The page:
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Introduction


Thoughts on the Effects of the Poker Literature

Intellectual poker play players sometimes express grief on the publication of poker texts and articles. Writing that gives sound advice, they reason, cannot be good for the games. Certainly good written information will add to the skills of at least some players but is that all there is to it? Are there are other factors to consider? I think the question of how the about poker literature affects the games is more sophisticated than the simple reasoning offered by players who would prefer that high quality poker information be kept indiscreet.

What is the basis of the idea that the about poker literature makes the games difficult? This notion is just a common sense conclusion based on an apparent correlation. Players who were playing before and after the publication of most of the text (especially the Two Plus Two texts) noticed that many games slowly becomes difficult.

This may be the example of the mistake, well known in science, of equating correlation with awareness. A player sees that as "A" occurred (good books increases rapidly in number), "B" occurred (games got tougher). He thinks A caused B but he fails to consider either that A and B seems together only accidentally, or that a third factor, "C," may have been responsible for both A and B.

A Third Factor

Do you think that the third factor would be responsible for both the publication of books and the toughening of games? The publication of many of many poker texts has been compatible with the growth in legalized gambling which started around the late 80's and continues till today. This growth may have been the "third factor."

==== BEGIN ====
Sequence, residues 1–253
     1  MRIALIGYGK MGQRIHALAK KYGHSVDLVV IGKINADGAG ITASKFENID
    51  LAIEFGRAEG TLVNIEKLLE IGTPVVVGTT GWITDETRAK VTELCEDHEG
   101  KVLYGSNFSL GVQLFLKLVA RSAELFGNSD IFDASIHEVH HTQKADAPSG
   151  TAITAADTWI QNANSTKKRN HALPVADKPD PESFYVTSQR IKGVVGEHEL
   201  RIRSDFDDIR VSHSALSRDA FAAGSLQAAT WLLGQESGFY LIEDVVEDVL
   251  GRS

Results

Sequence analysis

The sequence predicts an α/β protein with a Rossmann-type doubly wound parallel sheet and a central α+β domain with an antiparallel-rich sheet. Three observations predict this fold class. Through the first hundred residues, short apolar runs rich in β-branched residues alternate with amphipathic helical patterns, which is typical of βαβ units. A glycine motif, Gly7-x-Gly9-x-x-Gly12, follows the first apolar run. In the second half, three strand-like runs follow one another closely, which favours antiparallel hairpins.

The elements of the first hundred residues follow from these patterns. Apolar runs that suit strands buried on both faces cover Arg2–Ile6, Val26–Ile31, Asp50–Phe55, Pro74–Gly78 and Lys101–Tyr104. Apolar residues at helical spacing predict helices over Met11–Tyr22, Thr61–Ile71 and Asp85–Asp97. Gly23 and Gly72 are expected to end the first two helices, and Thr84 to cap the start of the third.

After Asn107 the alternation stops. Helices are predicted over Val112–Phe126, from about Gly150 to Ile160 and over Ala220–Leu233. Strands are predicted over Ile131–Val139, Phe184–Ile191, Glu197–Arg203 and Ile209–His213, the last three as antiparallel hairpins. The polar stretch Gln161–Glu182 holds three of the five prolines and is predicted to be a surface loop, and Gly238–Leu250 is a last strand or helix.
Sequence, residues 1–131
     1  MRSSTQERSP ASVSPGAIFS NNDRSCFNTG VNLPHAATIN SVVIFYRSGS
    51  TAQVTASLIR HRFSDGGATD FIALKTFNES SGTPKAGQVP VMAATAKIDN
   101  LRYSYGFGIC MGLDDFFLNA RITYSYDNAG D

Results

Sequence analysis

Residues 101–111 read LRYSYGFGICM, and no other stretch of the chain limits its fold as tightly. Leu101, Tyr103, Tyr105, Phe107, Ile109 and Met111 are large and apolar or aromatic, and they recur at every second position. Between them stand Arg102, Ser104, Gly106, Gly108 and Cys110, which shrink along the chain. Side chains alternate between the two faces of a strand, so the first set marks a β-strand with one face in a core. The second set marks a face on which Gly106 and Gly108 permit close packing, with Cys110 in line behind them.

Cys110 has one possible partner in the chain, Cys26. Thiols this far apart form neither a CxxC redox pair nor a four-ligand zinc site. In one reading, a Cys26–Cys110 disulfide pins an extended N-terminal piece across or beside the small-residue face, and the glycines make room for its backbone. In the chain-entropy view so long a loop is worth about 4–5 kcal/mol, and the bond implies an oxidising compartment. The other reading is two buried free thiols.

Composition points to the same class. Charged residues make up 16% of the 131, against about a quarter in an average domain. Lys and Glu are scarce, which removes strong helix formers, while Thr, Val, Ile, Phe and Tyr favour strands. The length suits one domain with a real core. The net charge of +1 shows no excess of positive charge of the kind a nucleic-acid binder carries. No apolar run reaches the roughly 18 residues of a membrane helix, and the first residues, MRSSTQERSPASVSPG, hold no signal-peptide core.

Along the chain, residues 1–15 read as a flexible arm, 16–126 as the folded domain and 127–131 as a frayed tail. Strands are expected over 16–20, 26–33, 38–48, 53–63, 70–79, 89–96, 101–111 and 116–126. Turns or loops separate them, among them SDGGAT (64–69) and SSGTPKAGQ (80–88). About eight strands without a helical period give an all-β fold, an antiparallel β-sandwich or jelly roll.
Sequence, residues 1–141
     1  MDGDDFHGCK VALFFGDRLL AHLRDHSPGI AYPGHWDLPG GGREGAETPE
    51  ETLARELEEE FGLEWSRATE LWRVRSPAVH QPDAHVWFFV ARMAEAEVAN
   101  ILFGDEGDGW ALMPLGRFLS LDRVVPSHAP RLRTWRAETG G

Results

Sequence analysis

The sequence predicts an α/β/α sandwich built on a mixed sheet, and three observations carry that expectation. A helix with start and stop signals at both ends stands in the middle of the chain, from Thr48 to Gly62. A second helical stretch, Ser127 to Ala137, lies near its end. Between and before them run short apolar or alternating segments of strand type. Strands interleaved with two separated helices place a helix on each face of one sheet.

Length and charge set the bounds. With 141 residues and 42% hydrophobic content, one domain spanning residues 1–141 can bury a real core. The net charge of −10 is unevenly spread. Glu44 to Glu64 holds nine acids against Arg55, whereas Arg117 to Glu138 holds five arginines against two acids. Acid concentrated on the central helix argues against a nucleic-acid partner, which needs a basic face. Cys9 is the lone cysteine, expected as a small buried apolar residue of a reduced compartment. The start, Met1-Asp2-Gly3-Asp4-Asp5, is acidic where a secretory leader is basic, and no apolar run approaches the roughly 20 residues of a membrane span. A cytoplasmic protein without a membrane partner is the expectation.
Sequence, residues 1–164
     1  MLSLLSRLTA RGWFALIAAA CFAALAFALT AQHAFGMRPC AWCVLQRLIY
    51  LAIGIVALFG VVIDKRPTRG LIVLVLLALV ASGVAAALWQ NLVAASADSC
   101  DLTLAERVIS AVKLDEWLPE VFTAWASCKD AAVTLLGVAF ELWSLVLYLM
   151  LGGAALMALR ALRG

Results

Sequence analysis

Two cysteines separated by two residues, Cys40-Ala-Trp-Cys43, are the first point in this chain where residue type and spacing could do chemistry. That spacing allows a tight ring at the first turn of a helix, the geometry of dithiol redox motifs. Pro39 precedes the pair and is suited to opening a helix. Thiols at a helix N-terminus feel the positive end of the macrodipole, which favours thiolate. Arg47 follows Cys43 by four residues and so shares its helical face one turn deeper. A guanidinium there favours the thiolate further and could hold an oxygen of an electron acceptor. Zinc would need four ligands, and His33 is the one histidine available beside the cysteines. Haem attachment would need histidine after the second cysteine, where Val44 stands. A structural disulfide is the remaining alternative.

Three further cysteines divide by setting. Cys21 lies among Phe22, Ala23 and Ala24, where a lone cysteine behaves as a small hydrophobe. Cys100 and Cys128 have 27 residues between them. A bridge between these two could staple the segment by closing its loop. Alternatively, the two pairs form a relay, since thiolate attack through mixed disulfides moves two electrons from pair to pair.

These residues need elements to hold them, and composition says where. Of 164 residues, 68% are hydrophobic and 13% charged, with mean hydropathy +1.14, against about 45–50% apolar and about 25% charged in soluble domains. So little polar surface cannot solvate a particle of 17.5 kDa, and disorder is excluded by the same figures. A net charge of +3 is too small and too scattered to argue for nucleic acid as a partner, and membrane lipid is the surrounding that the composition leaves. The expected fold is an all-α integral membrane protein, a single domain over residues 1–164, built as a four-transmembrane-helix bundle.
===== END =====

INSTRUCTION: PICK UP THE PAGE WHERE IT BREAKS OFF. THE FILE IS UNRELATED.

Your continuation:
It is nearly caused the publication of books, in the sense that it provided a larger market for them, but how could it have made the games tougher? The answer to it is that it brought high social acceptance of public poker which led to many more players entering the game from backgrounds unusual for serious poker players. Compared to 20 years earlier, a greater percentage of players are highly educated, mostly from scientific or other analytical fields. I would like to say that has been gambling guide growth's bringing in there new kind of players, more than books and articles, which has toughened up the games.

It is correct, however, that these are also the kind of players likely to study books in an effort to learn seven card the game. So I suggest that it is really the combination of these rationally oriented players and the availability of the books and articles which has affected the games. Yet even without items to study, these are the kind of players who would come to the game with more training in analytical thinking, and who can make more systematic effort to "solve the puzzle that is poker." Hence, I would suggest that their presence alone would have made the games difficult.

I would also add that there is another phenomenon, especially to Las Vegas , which has included the belief that the games have become tougher. This is again the consequence of gambling growth. The players playing in Vegas noticed the toughening of games may be seeing the difference between yesterday's "tourist" and today's Today's often come from other areas where they play their own legal public card rooms.

This is because these people are experienced players, much less "clueless" than the traditional tourist who came to Vegas from somewhere with no legal gambling and sat down to donate for sometimes in a casino's poker room. It's having more "locals" come into the game rather than only enthusiastic tourists.

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